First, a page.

Phillies bounce back

CHARLES FOX/STAFF PHOTOGRAPHER John Mayberry Jr. congratulates Marlon Byrd after Byrd's two-run homer in the first inning.
CHARLES FOX/STAFF PHOTOGRAPHER John Mayberry Jr. congratulates Marlon Byrd after Byrd's two-run homer in the first inning.
Posted: June 26, 2014

EVEN AFTER a five-game winning streak was followed by a three-game losing streak, Ryne Sandberg managed to remain upbeat.

It was a lot of, "We'll put this one behind us," and "We'll start another good streak," or "The boys will bounce back tomorrow" following the most recent defeat. (Editor's note: Sandberg never said "the boys." He's not a hockey coach.)

But the baseball season isn't even halfway over and it's Sandberg's first full season as a manager, so there's no reason for him to operate any other way. And since they haven't hit the midway point and are closer to the top of the division after 75 games this year than they were last year, the Phillies are not clinically dead yet . . . even if they haven't been able to climb above fourth place in their own division in more than 2 months.

But, don't worry, be happy. Summer began only 4 days ago and the Phillies actually have begun to play decent baseball over the last 9 days.

The latest positive development: Jimmy Rollins fueled the offense that helped stake David Buchanan to an early lead and the righthander outdueled fellow rookie Andrew Heaney as the Phillies rolled to a 7-4 victory last night at Citizens Bank Park.

Since falling to a season-high 11 games under .500 on June 8, the Phillies have won 10 of their last 15 games.

"The guys are together," Sandberg said. "We had a good road trip and we want to continue on that path. That's where we wanted to focus on - to stop this streak."

Rollins, who has hit safely in 17 of his last 18 games, reached base in all four of his plate appearances.

In his first at-bat, Rollins was hit by an 0-2 slider from Heaney, moved to second when Chase Utley walked, was on the front end of a double steal with Utley and scored the game's first run when Marlins catcher Jarrod Saltalamacchia made an errant throw to third on the stolen-base attempt.

Marlon Byrd launched his 13th home run of the season later in the first inning as the Phillies jumped to a 3-0 lead.

It was the fifth time in their last nine games that the Phillies had scored first (and the third time they scored in the first inning in those games). The Phils have won four of those games.

It's a simple plan, but one that's worked wonders.

"It makes a big difference, getting runs up on the board," Sandberg said. "It sets a tone that we're going to score runs. It makes a big difference with our pitcher - being able to score runs and add on. We had baserunners . . . to make that happen. Took advantage of a lot of different things."

After he was the latest pitcher armed with an early lead, Buchanan nearly watched it disappear. He walked the first batter of the second inning (Saltalamacchia) and then served up back-to-back singles.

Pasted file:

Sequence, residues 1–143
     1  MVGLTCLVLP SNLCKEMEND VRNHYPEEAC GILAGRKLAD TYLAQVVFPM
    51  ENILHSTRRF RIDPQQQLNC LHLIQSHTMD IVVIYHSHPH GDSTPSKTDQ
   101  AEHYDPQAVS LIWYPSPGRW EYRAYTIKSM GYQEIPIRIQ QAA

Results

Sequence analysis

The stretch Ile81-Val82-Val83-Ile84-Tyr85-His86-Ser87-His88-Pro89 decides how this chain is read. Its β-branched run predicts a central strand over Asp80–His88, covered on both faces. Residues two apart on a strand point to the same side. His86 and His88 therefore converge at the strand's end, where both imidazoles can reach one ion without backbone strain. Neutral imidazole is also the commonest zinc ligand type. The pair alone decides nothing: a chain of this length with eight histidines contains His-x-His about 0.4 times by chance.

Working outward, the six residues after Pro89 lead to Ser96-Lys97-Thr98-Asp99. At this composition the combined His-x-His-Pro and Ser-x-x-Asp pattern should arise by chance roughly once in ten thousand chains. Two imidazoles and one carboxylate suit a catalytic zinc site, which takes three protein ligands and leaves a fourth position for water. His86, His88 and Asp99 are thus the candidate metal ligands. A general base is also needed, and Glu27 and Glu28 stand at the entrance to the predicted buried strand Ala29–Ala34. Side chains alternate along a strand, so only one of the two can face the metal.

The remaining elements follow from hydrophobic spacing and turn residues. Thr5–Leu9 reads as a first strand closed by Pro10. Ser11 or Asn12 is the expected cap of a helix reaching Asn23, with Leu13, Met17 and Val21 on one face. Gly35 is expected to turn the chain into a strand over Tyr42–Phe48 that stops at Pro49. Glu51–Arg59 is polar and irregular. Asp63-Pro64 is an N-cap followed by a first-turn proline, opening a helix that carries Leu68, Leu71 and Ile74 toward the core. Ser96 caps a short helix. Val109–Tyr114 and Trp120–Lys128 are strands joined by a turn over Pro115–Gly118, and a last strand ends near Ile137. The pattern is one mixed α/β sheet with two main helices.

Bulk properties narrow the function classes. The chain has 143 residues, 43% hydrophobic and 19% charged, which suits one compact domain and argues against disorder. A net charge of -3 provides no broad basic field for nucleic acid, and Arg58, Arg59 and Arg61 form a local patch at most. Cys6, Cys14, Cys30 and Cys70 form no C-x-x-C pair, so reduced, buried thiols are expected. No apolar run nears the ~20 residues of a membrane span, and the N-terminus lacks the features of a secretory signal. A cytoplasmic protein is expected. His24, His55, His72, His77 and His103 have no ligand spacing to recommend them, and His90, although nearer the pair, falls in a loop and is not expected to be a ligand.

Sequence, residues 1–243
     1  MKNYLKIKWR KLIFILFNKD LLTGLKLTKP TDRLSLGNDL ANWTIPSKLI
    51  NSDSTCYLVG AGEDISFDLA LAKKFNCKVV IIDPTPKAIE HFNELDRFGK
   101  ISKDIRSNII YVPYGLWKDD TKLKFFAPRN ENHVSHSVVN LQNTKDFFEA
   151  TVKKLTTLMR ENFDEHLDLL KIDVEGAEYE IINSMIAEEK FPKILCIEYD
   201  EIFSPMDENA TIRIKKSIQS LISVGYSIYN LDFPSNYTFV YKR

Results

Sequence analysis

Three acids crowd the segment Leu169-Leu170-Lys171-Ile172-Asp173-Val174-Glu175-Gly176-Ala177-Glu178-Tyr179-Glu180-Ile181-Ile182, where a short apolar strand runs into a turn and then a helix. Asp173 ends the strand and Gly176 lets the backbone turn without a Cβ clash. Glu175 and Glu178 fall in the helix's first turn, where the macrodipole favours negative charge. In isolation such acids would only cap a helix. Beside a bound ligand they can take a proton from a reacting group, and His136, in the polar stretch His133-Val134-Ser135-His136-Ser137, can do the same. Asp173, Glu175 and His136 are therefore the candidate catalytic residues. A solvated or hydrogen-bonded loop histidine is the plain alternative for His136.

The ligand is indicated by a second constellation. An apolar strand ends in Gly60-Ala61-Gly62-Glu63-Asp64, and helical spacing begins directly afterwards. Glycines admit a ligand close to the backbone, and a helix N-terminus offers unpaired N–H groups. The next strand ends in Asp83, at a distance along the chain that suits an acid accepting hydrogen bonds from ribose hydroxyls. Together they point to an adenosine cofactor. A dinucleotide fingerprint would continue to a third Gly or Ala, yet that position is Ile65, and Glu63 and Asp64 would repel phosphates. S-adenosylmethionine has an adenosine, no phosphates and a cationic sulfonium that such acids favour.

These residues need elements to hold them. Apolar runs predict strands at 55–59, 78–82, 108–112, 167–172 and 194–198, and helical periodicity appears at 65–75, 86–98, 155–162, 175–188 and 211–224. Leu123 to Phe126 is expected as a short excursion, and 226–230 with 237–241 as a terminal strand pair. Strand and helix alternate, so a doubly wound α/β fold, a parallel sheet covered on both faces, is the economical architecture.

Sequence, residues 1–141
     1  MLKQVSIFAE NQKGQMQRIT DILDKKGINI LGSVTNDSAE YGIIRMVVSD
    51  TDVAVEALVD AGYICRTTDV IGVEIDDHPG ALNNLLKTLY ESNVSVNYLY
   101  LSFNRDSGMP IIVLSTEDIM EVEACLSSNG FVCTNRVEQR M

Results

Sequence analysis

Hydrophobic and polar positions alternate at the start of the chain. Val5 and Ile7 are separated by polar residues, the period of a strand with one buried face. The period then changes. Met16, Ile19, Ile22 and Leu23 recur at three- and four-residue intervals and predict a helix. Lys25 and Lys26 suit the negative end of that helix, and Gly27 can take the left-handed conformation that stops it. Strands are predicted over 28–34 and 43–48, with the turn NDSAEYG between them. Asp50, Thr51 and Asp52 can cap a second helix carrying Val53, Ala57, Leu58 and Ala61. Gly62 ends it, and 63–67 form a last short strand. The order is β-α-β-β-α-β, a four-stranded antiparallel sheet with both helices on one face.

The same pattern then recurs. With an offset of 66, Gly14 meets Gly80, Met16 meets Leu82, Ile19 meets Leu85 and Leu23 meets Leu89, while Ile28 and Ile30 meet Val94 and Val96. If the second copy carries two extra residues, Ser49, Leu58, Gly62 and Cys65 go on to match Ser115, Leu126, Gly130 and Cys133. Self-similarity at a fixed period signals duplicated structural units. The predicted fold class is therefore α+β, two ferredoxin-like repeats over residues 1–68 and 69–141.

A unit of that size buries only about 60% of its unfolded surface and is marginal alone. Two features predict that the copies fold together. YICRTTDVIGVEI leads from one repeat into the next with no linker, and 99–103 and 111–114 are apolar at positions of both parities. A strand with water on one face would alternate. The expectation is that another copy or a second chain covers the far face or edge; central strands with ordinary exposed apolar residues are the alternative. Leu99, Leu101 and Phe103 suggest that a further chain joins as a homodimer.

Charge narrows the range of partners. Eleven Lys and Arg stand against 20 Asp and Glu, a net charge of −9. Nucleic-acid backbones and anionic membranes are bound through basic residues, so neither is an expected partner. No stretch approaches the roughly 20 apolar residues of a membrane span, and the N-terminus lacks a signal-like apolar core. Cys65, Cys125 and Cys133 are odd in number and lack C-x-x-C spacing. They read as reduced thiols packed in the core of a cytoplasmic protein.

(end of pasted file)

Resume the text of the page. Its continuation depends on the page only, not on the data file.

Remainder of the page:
One defensive play helped save him a run: Byrd fired a perfect strike back into the infield on the second of those back-to-back singles to keep the bases loaded. Another defensive play added more trouble to the inning: Utley botched the first of two popups he'd end up fouling up before the night was over, bringing in the Marlins' first run.

But Buchanan, in his seventh big-league start, showed some poise in escaping the inning without further damage. He retired two of the next three hitters, stranding the bases loaded and keeping Giancarlo Stanton in the on-deck circle when the inning was over.

"That was huge," Buchanan said. "I had some balls hit in the right spots to get out of there with one run . . . They made plays behind me and with that run support you can't really ask for too much more."

Buchanan allowed two runs on six hits and four talks in five innings.

Cody Asche helped put a dent in Heaney's ERA with a key two-run double in the sixth inning that proved to be important insurance. Asche is 7-for-19 (.368) with five RBI in five games since returning from the DL.

"Just coming up in spots with teammates on base," Asche said. "I think those guys are really doing it. It's easy to hit when you've got guys on base, more times than not."

Asche is hitting .329 (26-for-79) in 22 games since the beginning of May.

"He's better than in May," Sandberg said. "He's been on the ball and aggressive on strikes. He's hitting the ball hard consistently. He's even ahead of where he was before. He's an added bat, and that's good to have."

Before Jonathan Papelbon recorded his 18th save of the season, one of the more touching moments of the season occurred at Citizens Bank Park: Tony Gwynn Jr. received a standing ovation when he entered to pinch-hit in the eighth inning.

It was Gwynn's first appearance since his father, the Hall of Fame and eight-time NL batting champ, passed away 8 days earlier.

"Needless to say, it was pretty awesome," Gwynn said. "It made the at-bat a little more difficult, had to fight the emotion and the tears and stuff like that. But that's why guys who play here like to play here. Regardless of whether things are going bad or good, the fans stay behind you. It was much appreciated by the Gwynn family."

Saltalamacchia had a classy assist to the moment. After Gwynn's name was announced, the Miami catcher trotted out to the mound to talk with his pitcher to ensure Gwynn and the fans had their time.

"I don't know what it must be like to lose a father," Saltalamacchia said. "Especially a guy who brought so much to this game."

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